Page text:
We put our house on the market. We signed papers, visited offices, shook hands, shed tears and it was eight months later that we became the owners (along with a whole shoal of French loan-sharks) of a building, important to its local community for hundreds of years.
Our meetings with the architects of the French conservation authorities were an unmitigated success. What they wanted was exactly what we had envisaged. We instructed our draughtsman, we sought tradesmen and went to work ourselves to begin the weary process of hacking away at the generations of plaster: in parts, five generations. The most recent we considered to be early 20th Century, the earliest, decidedly pre 15th Century. Plaster soaked with human blood! How many hundred years ago? Traces of burning! Smoke or soot stains on plaster and stonework, as flame had passed in (or was it out?) through the arrow slots in the three foot thick walls.
Our findings and suppositions I recorded in a spare diary. Wall painting on 16th Century plaster was not saveable, so badly damaged in preparation for yet another upgrade to the interior decor in the 18th Century. Three more bricked up meurtriers, stone seats set into the walls, yet another meurtrier covered by an early 20th Century concrete sink cast into its embrasure came to light. It seemed to be a thrill a day!
The plans where passed some funding was loaned by the "sharks" and restoration was under way. The clearing of land infill behind the house brought to the surface a Knights Templar sarcophagus engraved with their cross and revealed in the rear wall of the house a fortified outlet for the airshaft from the vaulted cellar.
Excitement over our work grew as the results became evident. Our morale was boosted, if not the coffers, by the great enthusiasm of our neighbours and the village fathers. The Mayor, disputing the camouflage of the hole made some time during the mid 20th Century in the Guard Room exterior wall (front elevation), gave us the opportunity of divergence from the demands of the "Batiments de France" whose guidance we had sought at the beginning. With massive wooden structured frameworks in place, I'd received the nod for us to embellish it in stone. The plans and proportions for a porch, inspired by English village church entrances were completed in a short half an hour!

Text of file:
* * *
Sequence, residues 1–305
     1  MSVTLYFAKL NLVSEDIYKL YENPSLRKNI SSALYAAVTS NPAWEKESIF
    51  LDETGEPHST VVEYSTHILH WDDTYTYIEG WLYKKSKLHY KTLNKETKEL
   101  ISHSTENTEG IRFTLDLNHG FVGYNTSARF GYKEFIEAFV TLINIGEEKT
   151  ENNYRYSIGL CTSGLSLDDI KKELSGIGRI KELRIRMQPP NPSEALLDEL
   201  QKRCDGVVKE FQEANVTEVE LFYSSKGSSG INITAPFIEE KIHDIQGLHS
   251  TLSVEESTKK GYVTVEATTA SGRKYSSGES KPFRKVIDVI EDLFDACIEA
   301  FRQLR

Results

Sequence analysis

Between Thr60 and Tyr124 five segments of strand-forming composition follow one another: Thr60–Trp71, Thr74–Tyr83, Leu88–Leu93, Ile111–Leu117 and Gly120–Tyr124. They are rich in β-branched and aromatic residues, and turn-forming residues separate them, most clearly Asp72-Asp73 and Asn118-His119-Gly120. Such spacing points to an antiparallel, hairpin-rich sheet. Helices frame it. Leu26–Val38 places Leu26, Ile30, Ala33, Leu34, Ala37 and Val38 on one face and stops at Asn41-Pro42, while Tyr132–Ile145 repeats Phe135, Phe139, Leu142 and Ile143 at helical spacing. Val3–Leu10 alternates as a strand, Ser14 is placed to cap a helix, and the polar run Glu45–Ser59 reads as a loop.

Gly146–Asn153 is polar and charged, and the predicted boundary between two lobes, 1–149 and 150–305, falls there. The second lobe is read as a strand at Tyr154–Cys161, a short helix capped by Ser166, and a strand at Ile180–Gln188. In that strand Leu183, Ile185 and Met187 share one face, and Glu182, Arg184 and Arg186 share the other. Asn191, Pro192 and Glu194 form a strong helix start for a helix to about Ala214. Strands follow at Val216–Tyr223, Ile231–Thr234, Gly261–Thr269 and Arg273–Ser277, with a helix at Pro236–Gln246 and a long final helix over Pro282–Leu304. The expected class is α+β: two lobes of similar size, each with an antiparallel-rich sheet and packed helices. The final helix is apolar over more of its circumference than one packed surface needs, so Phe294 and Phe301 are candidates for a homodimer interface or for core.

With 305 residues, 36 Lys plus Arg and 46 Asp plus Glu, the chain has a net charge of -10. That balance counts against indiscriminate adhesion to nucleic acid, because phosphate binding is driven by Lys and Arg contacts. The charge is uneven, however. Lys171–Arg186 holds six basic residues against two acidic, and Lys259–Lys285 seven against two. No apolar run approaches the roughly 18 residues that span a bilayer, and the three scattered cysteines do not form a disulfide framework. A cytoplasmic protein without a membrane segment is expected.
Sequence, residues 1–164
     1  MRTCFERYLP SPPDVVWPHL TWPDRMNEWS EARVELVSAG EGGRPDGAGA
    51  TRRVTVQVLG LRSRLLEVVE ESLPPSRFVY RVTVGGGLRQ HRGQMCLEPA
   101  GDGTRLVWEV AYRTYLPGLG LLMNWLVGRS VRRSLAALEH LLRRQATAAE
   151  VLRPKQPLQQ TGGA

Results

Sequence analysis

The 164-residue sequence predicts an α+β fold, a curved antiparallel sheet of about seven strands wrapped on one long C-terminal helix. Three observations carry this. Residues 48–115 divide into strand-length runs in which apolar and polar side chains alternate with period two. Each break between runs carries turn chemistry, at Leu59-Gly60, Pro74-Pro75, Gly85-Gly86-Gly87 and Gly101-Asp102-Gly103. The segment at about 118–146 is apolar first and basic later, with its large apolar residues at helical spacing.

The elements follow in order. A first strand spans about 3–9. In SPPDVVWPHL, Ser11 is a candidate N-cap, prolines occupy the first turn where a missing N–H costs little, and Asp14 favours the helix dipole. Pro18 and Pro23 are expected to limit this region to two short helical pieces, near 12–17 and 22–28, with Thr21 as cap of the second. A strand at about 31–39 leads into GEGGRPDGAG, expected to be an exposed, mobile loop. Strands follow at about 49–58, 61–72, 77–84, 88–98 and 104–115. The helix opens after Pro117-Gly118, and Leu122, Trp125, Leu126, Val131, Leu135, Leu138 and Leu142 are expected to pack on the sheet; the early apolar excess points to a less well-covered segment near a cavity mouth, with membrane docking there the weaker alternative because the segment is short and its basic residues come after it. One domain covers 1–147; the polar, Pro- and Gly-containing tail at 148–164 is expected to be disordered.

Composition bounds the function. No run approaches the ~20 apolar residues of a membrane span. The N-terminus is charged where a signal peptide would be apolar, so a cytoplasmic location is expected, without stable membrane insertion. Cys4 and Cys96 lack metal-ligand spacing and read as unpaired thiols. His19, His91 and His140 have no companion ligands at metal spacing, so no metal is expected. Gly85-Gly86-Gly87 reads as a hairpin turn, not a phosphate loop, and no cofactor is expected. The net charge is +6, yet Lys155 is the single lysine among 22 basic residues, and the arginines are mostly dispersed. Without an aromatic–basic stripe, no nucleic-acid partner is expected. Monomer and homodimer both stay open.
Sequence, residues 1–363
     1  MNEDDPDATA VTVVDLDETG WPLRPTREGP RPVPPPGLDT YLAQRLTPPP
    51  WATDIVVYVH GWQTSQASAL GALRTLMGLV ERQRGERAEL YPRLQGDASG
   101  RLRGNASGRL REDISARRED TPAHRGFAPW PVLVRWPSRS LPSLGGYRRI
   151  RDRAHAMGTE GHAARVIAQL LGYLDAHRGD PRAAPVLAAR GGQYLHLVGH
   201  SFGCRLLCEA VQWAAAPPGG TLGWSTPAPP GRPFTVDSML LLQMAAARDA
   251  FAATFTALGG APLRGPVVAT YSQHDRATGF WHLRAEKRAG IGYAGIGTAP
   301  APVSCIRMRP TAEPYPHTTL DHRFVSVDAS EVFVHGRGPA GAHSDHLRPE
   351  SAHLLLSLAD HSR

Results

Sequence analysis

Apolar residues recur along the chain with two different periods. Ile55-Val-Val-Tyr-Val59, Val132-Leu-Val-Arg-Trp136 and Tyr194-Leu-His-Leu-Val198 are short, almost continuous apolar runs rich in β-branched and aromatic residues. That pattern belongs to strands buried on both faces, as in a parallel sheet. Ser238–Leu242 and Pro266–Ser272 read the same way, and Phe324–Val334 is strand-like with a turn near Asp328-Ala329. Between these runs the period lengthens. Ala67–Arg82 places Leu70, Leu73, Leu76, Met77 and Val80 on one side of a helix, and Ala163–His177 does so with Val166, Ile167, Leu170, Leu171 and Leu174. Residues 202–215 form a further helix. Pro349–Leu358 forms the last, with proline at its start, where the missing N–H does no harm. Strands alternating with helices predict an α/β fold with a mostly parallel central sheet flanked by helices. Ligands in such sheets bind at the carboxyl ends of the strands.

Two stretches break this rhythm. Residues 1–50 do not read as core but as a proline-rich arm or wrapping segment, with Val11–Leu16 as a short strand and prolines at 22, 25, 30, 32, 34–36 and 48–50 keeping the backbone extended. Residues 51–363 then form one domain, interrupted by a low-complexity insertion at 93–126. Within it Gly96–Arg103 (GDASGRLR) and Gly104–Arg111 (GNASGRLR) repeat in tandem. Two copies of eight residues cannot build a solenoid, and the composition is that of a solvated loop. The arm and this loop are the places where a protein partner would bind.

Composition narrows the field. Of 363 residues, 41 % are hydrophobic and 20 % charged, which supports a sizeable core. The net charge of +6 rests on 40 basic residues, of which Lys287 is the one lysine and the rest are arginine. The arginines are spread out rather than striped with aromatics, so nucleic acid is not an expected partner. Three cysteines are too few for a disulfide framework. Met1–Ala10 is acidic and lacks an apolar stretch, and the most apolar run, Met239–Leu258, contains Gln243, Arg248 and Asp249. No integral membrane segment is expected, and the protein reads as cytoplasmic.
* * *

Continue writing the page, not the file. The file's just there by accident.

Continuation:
The "Stop-Go" regime of our restoration was to take over four years and at the onset of winter, the prospect of the Seasons cold was daunting. No central heating; the fire of blazing logs and the radiated heat of a canine composter called Ortense whose length is only equalled by her breadth x 2 of her after-dinner girth! Our blood just managed to stay above freezing!
Liveable "Templars" now was. An extension houses the modern amenities, a kitchen and a bathroom. The design we had proposed for the 360 sq feet of relatively modern living space had been prepared in the style and materials of the existing ancient structure. The plan was to replicate, slightly offset, the end elevation of the house. Same angles, same roof profile: it was rejected out of hand and the official view explained that, "If a property of such antiquity was to be extended to provide missing amenities such as a kitchen, a bath and a flush toilet, then that extension must obviously be of the 21st Century, not a 21st Century copy of something pre-dating by several hundred years!" So, as you see it now, the sketch of the chief architect of the "Batiments de France" has become our albatross, our reality! Our sympathetic design relegated to the dustbin.
The window surrounds; oak of massive section to house the modern double glazed frames. Cut stone arched windows and an "Oeil de boeuf" glazed with hand made leaded and stained glass and an interior open to the roof, in barn or stable fashion, giving a more sympathetic appearance to the appendage. Yes, with time it will age-down and heal the wound, we hope.